Fernie Brewing Company – Sap Sucker Maple Porter

My wife and I like to travel as much as our free time and budget will allow. Last summer we managed to get to Ireland, driving all over the southern-half of the island, came home and went on a prairie road trip to Winnipeg to pay my respects to The Tragically Hip, then drove the Jasper Parkway between Banff and Jasper. We traveled many miles and drank many drinks. When the two of us were met with a four-day weekend in November we started looking for somewhere to go that was within driving distance from our home in Calgary, while still being new. Neither of us had ever been to Fernie, but family members had already convinced my wife she needed to go, describing the bagels at Big Bang Bagels (she will travel long distances for the promise of quality breakfast foods). I didn’t need to be convinced to pack up the car because I was familiar with the work of Fernie Brewing Company, and the prospect of seeing the brewery in person was something I was eager to do.

The brewery is on the outsIMG_4600.JPGkirts of the town and I could see it from the highway as we drive into town late at night. I went to bed with dreams of hops and barley in my head, anticipating what was to come the next day. When my wife and I walked into the taproom the the following afternoon, we were the only ones there. We took a seat at the bar and each ordered a flight of beer, being careful to request complementary samples so we could have the whole lineup represented in front of us. I tend to like darker beer than my wife, which is why I was immediately drawn to the Sap Sucker Maple Porter, and having a taste of it in the flight necessitated bringing a bottle home with me.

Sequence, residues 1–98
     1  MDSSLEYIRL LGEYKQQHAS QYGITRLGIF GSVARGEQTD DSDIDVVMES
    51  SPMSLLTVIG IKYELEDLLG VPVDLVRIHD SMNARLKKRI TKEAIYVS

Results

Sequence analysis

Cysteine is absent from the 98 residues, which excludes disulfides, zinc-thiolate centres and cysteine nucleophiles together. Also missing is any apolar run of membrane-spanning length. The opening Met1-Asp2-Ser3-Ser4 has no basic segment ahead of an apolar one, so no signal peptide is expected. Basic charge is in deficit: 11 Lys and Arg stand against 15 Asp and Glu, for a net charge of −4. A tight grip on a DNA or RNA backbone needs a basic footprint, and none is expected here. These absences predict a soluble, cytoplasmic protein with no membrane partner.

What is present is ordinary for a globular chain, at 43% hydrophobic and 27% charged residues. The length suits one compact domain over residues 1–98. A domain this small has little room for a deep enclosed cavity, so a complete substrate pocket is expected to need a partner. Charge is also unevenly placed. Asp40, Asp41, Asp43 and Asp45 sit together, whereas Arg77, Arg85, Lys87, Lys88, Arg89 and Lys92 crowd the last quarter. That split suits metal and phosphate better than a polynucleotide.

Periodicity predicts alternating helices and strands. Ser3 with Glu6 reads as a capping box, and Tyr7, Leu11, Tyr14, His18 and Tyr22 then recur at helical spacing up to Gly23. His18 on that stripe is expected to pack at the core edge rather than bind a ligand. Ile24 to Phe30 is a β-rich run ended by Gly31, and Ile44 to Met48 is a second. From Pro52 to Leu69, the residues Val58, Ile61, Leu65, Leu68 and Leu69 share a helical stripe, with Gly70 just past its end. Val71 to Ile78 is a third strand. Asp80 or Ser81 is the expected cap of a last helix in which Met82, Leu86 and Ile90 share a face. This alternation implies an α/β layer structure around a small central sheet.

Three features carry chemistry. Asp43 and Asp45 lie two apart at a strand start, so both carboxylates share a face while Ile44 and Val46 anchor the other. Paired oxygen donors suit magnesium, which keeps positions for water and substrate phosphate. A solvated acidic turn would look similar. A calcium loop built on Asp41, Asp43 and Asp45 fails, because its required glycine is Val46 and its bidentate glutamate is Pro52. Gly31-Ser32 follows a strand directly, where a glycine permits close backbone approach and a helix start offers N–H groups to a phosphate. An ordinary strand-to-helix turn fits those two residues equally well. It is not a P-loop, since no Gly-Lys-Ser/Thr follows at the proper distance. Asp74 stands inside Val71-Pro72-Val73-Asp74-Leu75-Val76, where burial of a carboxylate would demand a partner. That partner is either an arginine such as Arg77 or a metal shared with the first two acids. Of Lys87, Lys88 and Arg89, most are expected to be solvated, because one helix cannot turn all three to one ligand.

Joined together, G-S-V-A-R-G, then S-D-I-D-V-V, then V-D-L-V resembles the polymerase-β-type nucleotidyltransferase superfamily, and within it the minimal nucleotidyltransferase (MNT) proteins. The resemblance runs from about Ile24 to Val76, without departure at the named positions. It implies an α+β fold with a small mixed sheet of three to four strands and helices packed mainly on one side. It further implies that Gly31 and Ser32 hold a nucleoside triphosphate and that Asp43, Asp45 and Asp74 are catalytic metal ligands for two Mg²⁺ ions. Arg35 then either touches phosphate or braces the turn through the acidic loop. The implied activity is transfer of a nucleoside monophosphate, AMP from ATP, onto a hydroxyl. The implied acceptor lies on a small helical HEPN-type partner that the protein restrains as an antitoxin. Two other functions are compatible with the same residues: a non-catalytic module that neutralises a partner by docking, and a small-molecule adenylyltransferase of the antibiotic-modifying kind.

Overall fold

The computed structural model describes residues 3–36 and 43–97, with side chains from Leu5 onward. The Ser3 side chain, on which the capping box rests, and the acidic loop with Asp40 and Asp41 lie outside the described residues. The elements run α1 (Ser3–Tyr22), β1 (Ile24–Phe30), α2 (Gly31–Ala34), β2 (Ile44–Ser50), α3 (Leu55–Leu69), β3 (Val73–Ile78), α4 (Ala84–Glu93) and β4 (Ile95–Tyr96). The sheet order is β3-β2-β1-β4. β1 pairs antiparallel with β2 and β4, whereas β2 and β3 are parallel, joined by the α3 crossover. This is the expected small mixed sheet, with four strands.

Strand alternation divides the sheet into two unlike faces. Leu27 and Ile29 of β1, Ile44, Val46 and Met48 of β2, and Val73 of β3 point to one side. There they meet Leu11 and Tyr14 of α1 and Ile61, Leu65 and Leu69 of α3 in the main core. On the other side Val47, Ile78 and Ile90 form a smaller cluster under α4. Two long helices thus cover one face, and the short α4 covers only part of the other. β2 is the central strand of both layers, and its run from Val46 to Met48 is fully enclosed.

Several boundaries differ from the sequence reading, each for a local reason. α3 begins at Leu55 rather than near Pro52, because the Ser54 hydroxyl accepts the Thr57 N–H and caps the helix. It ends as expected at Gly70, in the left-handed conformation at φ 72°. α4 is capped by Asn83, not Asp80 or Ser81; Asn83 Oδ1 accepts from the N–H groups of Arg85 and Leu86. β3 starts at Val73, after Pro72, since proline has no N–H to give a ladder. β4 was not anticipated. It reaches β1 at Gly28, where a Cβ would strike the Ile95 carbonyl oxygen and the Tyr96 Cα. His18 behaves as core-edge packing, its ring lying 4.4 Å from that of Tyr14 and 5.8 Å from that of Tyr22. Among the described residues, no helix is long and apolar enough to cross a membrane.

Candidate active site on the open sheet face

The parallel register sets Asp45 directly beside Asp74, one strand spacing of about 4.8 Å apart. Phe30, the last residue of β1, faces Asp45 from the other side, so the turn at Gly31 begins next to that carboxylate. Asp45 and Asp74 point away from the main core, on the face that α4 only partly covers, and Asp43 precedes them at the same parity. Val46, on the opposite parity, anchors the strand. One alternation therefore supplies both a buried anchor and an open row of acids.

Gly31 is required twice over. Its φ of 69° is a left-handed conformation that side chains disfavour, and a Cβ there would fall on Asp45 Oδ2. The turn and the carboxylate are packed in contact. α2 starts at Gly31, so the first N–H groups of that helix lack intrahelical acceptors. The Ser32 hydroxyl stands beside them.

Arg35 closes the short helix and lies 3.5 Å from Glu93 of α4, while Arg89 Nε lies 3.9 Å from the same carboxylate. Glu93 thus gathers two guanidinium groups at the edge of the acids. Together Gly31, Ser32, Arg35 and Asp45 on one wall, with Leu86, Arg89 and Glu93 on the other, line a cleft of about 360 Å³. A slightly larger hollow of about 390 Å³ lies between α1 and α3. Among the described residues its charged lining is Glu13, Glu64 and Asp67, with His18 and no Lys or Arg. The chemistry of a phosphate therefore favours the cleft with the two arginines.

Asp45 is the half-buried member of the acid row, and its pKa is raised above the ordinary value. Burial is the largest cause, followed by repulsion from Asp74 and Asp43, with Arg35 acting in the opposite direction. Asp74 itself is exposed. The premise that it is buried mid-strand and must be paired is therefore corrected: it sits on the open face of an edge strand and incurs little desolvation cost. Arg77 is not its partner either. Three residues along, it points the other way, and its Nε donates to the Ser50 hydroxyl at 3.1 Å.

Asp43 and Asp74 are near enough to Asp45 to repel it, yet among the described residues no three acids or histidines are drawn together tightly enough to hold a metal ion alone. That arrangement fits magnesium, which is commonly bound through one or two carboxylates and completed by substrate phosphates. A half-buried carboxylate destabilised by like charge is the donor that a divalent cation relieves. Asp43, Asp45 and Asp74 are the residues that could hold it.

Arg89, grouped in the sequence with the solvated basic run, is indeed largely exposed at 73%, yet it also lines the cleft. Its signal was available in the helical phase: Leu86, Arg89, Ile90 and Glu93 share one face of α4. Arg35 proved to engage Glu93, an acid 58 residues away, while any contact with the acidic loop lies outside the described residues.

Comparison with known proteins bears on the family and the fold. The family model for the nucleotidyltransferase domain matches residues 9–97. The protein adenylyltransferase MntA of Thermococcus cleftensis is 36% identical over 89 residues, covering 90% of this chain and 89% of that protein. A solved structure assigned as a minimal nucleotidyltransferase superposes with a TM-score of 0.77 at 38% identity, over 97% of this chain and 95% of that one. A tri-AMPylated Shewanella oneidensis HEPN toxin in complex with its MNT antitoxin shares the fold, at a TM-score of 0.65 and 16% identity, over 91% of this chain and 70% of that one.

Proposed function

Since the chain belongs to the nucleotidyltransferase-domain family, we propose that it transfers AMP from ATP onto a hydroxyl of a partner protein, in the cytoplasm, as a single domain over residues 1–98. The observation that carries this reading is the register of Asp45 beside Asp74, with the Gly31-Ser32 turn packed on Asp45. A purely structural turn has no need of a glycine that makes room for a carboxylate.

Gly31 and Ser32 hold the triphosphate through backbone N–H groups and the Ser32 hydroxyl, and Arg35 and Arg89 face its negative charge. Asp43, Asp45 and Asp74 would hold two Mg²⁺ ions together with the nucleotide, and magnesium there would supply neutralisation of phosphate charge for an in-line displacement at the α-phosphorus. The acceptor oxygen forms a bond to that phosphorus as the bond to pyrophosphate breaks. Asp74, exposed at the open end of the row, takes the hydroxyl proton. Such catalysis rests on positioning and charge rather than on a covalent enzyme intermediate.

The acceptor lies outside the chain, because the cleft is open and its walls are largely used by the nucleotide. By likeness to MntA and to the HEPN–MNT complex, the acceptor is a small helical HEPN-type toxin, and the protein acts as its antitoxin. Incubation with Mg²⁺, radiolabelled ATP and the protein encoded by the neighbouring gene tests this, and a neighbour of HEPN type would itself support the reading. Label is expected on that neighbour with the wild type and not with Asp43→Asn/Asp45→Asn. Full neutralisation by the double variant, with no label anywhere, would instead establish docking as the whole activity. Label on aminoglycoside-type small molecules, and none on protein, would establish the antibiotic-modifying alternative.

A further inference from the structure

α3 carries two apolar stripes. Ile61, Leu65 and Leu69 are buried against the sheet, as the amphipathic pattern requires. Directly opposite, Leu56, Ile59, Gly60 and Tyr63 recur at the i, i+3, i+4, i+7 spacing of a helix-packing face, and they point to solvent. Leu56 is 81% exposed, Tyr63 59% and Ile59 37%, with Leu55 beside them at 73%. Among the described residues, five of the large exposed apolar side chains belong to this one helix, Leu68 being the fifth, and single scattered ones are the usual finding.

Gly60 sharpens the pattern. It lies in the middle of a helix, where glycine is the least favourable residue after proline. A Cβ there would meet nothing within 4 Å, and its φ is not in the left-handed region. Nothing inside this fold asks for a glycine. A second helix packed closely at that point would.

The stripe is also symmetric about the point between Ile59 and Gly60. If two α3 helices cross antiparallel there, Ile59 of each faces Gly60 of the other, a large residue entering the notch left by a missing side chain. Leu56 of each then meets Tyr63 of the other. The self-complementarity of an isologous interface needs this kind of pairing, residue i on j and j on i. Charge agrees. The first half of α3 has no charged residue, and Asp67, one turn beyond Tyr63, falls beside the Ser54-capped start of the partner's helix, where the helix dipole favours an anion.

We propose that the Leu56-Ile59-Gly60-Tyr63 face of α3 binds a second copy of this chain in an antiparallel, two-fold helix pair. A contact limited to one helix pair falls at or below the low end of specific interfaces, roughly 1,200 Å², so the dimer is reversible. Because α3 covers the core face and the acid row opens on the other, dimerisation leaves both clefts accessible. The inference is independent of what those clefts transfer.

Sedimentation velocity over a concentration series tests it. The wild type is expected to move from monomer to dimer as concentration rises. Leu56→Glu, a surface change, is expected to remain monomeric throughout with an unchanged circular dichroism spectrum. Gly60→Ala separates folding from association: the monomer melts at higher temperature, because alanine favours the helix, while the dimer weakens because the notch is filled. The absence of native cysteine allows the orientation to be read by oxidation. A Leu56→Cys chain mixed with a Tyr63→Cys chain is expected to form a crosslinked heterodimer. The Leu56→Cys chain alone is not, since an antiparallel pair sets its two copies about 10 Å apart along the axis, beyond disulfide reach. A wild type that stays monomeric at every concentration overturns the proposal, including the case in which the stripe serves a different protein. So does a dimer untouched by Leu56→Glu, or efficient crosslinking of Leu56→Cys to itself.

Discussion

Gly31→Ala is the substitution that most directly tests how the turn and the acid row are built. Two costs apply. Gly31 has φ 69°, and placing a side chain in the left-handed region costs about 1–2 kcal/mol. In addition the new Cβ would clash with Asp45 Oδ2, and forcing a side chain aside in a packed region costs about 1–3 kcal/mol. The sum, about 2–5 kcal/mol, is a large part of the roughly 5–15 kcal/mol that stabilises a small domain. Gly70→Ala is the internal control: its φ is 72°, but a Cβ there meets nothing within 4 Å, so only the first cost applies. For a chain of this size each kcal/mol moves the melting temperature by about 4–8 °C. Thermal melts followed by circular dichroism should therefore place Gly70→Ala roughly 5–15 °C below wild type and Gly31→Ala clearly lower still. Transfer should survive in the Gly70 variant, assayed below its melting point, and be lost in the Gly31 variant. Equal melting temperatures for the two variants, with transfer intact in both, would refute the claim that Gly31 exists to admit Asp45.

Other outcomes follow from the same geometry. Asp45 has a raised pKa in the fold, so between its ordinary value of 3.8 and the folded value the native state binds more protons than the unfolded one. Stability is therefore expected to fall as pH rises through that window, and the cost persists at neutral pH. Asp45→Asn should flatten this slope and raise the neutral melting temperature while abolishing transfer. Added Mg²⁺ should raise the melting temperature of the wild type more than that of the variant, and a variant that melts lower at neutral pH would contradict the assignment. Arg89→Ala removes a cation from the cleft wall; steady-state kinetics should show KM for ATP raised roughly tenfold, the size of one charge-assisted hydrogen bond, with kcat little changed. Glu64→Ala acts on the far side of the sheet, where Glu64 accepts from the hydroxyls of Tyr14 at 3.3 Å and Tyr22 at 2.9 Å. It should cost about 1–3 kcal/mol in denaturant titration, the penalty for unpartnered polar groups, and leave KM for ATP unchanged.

Appearance: When Lord Byron wrote about being as “dark as a sullen cloud before the sun,” he might as well have been talking about his beer (Sorry. The English major in me comes out when I’ve had a drink or two. I don’t get invited to a lot of parties, well at least not twice). There is a slight hue of red when you hold the glass up to the light and search for it, but it is mostly dark, dark black. There is a large tan head that quickly raises into three fingers of foam, although it doesn’t stay around for longer than a quick hello.

Aroma: Smelling the beer you get notes of coffee and chocolate, and the aroma of sweetness, but I would be hard pressed to say there is any maple scent coming off this beer. It’s more reminiscent of molasses than maple syrup; it is very welcoming and I want to have that scent waft around me whenever I can, but I wouldn’t be able to say it’s maple without seeing it printed on the side of the bottle.

Taste: Drinking the beer you are confronted first with malt flavours that give the beer a very nice, smooth taste. That’s followed up with a sweetness that, again, reminds me more of molasses than it does of maple syrup. Not that that’s a bad thing, it’s just not what I expect from a maple-monikered beer. The beer is delicious, it just doesn’t have maple at the forefront like I was expecting.

Feel: This is a medium bodied beer that is incredibly smooth. It’s silky on the palate and incredibly easy to drink. My wife, who doesn’t really like porters and stouts, is helping me drink this bomber bottle, which attests to this beer’s drinkability.

Overall: This is a good beer. It’s a well balanced, easy-drinking beer that is substantial enough to have something to curl up with at night, but doesn’t overpower you with any one flavour. It is a very accessible porter that is quite pleasing. I would’ve liked a stronger maple flavour. This beer doesn’t go far enough with the flavour that was promised. I would prefer a rich maple porter that leaves no doubt about what the flavour is.

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